Osteochondrosis develops when cartilage cells that have proliferated in a normal manner, mature and differentiate abnormally. Failure of the cartilage matrix to calcify or failure of vascular penetration and osseous replacement causes the cartilage to thicken. Due to the lack of nutritional elements, necrosis develops in the deeper layers, giving rise to fissures. Eventually, a cartilagenous flap (OCD) develops.
Sometimes, the thickened cartilage persists without developing fissures and becomes surrounded by subchondral bone. Adjacent normal cartilage continues its endochondral ossification and the retained cartilage dies. This results in a subchondral cyst-like lesion.
Osteochondritis dissecans (OD)
occurs at the surface of a joint when a thickened area of cartilage develops, loosely attached to the underlying bone. This thicker cartilage may crack and cause a flap of cartilage to break away. When this cartilage flap falls into a certain position, the animal’s discomfort will be minimal but, as it shifts position, pain and joint swelling become acute. OD of the elbow and shoulder usually occurs between four and seven months of age. Breeds most commonly affected include the Labrador, golden retriever and (less frequently) the rottweiler.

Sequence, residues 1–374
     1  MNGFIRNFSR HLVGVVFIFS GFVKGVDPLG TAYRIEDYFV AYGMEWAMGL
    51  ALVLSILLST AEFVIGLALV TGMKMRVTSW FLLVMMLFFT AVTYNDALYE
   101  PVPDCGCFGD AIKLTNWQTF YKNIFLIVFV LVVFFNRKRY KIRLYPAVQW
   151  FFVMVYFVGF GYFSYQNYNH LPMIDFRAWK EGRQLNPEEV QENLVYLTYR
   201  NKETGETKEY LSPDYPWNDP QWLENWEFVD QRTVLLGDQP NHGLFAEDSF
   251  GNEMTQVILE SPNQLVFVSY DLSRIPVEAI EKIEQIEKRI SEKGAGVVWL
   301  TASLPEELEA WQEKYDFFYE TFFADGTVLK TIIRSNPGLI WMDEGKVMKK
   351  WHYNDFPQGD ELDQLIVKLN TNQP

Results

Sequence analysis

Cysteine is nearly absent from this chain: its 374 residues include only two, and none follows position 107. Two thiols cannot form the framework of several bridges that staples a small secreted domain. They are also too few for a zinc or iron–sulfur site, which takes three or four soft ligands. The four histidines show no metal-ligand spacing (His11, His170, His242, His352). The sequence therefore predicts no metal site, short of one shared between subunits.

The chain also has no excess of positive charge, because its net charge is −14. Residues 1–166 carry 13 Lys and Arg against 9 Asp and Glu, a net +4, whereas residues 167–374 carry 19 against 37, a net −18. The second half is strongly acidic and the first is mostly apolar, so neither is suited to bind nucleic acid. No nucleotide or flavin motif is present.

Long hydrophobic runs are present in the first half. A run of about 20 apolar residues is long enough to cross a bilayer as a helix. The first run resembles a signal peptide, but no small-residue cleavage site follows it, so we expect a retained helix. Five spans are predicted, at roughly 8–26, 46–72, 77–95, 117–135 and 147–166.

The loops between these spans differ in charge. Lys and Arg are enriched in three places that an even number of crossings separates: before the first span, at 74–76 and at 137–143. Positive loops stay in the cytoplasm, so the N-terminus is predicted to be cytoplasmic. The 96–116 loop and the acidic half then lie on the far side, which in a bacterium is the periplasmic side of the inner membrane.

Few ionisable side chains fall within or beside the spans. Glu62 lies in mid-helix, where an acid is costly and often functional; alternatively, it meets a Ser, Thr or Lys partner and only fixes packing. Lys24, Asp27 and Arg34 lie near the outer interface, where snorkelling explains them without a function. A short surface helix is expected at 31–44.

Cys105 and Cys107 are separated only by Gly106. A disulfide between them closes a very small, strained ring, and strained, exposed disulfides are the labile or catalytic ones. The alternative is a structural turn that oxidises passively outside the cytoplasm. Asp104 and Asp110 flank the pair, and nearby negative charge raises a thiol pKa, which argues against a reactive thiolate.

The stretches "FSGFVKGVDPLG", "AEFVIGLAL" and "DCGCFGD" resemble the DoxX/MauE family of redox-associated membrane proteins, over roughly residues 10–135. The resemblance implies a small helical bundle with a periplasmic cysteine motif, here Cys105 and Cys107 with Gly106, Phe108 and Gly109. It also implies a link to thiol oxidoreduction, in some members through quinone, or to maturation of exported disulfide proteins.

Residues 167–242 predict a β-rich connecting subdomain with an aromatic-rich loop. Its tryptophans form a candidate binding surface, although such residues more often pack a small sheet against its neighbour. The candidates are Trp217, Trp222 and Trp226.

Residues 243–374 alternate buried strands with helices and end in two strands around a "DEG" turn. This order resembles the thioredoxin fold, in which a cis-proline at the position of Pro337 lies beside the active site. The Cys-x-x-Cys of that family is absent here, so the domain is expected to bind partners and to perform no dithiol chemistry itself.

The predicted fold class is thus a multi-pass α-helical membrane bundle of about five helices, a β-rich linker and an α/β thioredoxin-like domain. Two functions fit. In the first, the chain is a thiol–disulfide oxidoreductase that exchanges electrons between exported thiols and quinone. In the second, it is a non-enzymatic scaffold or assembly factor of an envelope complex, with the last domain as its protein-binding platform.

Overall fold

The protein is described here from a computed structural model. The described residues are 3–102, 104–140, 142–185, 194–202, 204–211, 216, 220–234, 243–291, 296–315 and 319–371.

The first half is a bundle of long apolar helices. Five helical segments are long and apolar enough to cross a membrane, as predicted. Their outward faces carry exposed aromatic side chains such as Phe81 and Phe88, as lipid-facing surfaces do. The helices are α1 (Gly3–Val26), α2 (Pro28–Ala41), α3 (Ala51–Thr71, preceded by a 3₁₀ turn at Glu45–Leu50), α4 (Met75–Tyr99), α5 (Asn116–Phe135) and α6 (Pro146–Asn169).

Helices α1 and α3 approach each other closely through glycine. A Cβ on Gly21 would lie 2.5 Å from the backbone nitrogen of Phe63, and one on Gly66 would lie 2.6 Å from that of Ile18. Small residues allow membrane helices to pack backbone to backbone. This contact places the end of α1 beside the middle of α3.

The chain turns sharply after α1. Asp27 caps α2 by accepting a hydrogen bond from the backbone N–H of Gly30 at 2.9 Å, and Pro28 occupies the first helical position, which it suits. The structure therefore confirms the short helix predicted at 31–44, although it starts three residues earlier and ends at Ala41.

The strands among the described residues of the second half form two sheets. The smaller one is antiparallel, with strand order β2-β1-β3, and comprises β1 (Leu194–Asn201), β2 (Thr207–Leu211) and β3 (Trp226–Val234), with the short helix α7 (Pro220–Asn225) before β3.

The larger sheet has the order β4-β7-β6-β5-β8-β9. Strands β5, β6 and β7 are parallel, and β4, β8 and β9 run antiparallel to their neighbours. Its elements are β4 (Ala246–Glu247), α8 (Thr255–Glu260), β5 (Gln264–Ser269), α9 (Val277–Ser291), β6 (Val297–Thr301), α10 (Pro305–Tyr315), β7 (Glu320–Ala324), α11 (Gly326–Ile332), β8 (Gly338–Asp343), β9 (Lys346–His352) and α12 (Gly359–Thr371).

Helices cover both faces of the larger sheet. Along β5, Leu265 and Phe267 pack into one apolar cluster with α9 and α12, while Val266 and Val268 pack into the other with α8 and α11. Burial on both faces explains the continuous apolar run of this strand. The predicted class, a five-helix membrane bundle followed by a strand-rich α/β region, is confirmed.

Fragmented coronoid process (FCP)
of the elbow joint is the most common and severe type of osteochondrosis, affecting a dog’s forelimbs. FCP results from either a) abnormal development of the cartilage in the coronoid process, or b) abnormal length of the radius and ulna bones. Between four and six months of age, a small piece of the coronoid process may fragment inside the elbow leading to early onset secondary arthritis. (This usually develops between five and ten months of age.) Retrievers, Labradors, rottweilers and Bernese mountain dogs commonly experience FCP.
Ununited anconeal process (UAP)